Foreword: We Will No Longer Be Your Monster
by Chesya Burke, Ph.D
[page 7] I am a Black woman horror writer and a Black woman horror scholar, but first and foremost a Black woman horror fan. It’s important that I continue to reiterate that I am Black and a woman because for an unreasonably long period of time, horror has been almost strictly the purview of white men. During this time, horror took on many facets, but no matter the era, Black people were always no less oppressed within the genre than they were outside of it—and often more so. While this is likely not a shock to any true horror fan, it’s important to note that horror genre enthusiasts often pride themselves on being outside the margins. In other words, horror fans, writers, and artists often express a sense of exclusion from mainstream society for their interest in the horrific, the vile, and the bloody. The problem, of course, is that these spaces were no more inclusive for Black bodies, who are more likely to experience socioeconomic and racial disenfranchisement than the average horror fan. Horror creators and fans have been just as content abusing Black bodies as mainstream spaces. Historically, lynching Black people was an American pastime where whole white families, including children, were invited to witness and participate. While white America used the lynching of Black bodies as entertainment in outside spaces, the horror film industry can be credited with helping to bring this tradition into homes so that viewers did not even have to leave their houses to see Black people terrorized, villainized, and murdered. We were your monster—as you terrorized us both off and on screen.
For Black horror enthusiasts, the landscape for this genre is often a turbulent, uninhabitable place. If you doubt this, I can regale you with stories of my time spent within the horror genre, including (but not limited to) being called Aunt Jemima at a horror convention by a white man in front of a group of solely white men. I mention this often not only because it has had a profound effect on me, but also because [page 8] it so clearly demonstrates the violence that people who look like me face within genre spaces, particularly horror.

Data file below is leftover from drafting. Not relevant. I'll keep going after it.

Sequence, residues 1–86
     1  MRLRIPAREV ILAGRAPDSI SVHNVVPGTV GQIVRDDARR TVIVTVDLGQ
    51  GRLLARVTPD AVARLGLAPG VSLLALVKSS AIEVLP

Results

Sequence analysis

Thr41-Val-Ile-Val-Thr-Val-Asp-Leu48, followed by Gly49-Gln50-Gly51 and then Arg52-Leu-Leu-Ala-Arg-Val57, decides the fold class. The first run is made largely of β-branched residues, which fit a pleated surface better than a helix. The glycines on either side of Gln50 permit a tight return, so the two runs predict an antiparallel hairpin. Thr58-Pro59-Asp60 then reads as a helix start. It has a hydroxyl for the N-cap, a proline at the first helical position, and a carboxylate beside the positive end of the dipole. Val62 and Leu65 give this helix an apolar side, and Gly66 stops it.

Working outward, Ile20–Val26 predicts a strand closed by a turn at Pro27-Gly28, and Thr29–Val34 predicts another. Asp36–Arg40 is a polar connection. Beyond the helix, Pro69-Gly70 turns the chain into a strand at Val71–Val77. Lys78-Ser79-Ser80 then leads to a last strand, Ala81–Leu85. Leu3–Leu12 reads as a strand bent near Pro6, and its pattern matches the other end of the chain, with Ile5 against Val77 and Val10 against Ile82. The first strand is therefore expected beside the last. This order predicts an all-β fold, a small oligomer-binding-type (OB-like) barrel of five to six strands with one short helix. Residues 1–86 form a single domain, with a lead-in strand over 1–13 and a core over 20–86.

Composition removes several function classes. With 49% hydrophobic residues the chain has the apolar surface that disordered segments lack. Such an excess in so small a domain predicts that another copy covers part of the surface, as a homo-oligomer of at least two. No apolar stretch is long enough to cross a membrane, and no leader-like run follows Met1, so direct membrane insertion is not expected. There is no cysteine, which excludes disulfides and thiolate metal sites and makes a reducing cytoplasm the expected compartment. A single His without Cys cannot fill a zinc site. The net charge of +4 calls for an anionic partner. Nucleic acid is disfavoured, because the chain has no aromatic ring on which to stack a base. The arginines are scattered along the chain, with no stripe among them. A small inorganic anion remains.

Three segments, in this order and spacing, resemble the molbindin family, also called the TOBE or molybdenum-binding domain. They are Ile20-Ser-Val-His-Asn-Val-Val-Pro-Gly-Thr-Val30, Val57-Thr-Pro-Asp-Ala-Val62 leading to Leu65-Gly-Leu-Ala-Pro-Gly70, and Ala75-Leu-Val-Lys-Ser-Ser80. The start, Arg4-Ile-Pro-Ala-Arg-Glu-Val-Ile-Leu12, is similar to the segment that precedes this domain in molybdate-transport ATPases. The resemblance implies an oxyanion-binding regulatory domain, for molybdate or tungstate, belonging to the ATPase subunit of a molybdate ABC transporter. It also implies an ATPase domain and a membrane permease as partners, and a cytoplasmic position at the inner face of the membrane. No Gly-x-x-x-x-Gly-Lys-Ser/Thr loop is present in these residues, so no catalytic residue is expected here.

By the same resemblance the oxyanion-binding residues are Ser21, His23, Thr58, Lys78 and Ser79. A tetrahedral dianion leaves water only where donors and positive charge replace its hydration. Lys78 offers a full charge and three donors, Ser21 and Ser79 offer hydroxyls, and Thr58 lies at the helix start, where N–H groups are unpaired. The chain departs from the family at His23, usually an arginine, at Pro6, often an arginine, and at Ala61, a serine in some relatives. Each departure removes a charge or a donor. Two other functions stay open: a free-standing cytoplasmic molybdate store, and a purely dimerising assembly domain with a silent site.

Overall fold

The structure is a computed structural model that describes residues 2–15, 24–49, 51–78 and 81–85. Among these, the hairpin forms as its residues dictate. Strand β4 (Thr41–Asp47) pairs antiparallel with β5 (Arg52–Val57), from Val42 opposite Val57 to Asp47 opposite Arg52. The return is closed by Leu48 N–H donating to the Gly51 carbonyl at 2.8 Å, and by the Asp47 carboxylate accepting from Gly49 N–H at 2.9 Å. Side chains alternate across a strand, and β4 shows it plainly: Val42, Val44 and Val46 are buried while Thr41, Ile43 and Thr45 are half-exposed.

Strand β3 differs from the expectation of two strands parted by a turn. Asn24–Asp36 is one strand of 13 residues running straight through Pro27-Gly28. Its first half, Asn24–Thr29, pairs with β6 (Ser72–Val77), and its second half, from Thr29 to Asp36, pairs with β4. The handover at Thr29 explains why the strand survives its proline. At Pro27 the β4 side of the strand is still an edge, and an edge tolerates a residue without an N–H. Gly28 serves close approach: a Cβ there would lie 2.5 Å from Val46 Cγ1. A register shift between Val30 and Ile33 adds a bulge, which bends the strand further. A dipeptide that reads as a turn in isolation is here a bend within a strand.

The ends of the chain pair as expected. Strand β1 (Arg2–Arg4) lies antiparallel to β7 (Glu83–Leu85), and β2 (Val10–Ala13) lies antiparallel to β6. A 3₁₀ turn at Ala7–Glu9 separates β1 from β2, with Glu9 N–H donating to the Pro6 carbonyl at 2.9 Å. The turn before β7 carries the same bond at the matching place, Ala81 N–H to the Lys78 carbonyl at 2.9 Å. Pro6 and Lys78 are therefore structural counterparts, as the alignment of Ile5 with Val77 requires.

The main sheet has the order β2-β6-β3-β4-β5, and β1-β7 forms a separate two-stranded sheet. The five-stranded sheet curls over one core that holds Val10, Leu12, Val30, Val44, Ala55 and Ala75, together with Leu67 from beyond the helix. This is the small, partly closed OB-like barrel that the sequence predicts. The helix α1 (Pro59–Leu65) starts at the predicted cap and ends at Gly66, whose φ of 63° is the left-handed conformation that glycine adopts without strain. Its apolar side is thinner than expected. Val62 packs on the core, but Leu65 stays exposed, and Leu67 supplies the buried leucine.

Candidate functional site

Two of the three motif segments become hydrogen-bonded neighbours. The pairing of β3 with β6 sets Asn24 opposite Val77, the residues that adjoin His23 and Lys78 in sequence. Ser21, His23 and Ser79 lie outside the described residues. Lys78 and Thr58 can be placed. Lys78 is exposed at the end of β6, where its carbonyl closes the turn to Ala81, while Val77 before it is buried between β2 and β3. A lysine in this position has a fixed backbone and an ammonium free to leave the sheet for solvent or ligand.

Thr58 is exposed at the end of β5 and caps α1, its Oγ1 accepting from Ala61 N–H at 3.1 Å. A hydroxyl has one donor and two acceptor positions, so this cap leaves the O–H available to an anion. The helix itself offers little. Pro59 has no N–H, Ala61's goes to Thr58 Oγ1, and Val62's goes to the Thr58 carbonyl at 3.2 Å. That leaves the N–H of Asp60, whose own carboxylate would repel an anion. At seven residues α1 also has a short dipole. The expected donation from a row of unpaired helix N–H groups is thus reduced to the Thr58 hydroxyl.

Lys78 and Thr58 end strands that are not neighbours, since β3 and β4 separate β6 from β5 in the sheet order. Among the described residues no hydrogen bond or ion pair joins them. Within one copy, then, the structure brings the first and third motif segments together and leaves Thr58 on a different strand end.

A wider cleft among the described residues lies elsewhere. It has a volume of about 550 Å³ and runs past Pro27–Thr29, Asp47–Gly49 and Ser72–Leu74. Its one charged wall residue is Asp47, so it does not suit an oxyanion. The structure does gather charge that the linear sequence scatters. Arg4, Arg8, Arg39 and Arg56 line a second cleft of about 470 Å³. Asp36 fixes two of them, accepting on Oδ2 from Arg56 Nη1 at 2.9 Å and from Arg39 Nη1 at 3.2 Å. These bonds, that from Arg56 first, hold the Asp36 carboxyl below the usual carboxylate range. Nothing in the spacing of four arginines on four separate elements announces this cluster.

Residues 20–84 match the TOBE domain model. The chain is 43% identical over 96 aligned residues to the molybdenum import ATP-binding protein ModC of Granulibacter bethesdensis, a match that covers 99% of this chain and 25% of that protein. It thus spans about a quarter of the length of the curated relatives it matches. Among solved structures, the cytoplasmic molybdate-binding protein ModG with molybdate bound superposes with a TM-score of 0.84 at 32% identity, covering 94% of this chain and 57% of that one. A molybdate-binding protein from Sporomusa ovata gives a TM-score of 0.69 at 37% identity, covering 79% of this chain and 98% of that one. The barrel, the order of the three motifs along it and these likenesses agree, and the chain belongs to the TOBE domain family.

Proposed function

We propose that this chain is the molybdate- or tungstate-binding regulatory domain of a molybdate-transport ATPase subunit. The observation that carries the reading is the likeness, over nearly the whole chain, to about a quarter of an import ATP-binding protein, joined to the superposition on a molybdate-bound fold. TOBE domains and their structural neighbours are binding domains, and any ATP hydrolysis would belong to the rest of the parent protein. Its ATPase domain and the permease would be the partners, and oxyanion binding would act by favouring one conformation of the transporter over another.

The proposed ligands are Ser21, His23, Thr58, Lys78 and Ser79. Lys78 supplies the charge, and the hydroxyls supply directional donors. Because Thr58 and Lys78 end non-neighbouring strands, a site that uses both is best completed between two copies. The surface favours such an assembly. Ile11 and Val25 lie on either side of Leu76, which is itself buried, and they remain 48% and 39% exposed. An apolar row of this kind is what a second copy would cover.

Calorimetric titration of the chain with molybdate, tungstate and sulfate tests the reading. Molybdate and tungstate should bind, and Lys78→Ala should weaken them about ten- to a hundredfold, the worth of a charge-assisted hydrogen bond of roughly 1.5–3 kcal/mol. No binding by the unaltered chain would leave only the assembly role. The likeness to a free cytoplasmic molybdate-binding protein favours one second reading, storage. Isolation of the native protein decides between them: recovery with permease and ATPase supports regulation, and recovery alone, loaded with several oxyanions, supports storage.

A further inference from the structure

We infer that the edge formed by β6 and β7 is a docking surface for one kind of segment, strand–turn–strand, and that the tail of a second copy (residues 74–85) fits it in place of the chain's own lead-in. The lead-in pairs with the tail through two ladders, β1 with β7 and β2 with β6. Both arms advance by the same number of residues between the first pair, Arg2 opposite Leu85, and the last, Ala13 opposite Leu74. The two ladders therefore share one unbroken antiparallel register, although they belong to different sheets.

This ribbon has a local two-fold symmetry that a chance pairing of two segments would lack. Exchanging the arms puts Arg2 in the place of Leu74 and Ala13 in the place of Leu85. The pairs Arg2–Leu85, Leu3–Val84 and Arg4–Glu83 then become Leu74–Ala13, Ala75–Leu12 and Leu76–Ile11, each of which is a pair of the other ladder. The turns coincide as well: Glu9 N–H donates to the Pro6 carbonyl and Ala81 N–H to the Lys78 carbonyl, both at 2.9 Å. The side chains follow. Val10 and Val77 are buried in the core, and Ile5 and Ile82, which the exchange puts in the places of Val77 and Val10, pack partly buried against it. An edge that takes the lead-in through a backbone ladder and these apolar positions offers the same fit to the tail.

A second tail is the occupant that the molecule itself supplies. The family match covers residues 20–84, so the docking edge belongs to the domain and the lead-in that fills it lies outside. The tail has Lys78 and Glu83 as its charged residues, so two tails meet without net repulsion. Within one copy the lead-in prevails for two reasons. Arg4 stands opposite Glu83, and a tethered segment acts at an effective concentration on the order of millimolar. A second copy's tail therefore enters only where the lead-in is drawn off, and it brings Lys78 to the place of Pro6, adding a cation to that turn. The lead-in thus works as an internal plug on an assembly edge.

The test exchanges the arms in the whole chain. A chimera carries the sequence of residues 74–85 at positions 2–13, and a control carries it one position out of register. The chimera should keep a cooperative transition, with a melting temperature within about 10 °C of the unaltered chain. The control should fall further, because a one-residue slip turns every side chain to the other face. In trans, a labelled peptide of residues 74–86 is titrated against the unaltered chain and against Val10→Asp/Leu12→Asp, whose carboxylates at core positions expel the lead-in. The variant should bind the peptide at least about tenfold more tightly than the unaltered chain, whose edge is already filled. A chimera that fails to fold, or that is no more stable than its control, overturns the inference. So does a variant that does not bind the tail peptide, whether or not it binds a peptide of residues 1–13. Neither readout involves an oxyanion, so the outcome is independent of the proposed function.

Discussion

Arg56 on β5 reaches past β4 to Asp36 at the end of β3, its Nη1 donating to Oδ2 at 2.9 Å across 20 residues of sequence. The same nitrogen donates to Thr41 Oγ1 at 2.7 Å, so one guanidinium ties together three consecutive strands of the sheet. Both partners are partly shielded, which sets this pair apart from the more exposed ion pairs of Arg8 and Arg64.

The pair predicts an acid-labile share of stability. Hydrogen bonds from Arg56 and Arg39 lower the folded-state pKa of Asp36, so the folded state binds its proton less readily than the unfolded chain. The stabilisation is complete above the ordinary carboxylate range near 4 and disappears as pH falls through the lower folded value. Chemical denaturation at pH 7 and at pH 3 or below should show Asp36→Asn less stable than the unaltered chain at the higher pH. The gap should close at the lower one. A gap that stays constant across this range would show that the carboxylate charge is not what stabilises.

Despite the people and the stories and the white supremacy, however, horror is always my first love. In a recent interview for The Horror Writer’s Association (I have been a member off and on throughout the years), I spoke about getting my love of horror from my mother. And it is true, my family would stay up late weekend nights, rent horror movies, and curl up on the sofa under the covers—me often hiding my eyes. I have likely seen more horror movies than the average person has seen any film from any genre. Believe me, I jest only slightly. As a kid, for me, that wasn’t enough, though. I was probably the only eight- or nine-year-old elementary kid who had researched the history of the real Vlad Dracula, werewolves, and witches, such as the Salem Witch Trials, and other real-life monsters. Along with these books, the librarian kept their one copy of Harriett Tubman’s biography on reserve for me (every now and again, after I’d checked it out for the maximum number of times, I was forced to return it and wait to check it out again, so she would hold it and let me know when my turn came back around). So, there was something about understanding the truth behind the stories and the history about our nation that fed me as a young child. I started writing. Stories. Longhand.
Then suddenly there were Black people in my horror. Not as objects to be ridiculed, but as subjects who’s lives didn’t revolve around existing for the white gaze. People Under the Stairs. Jada Picket Smith and CCH Pounder in Demon Night. Tales From the Hood. Now, not only were Black people protagonists on my screen, but the there was a history and stories that needed to be told around these Black bodies—this marginalized group that for so long had so proudly and loudly defended their right to exist. They weren’t the monster. They weren’t the victims. They were kicking white people’s asses.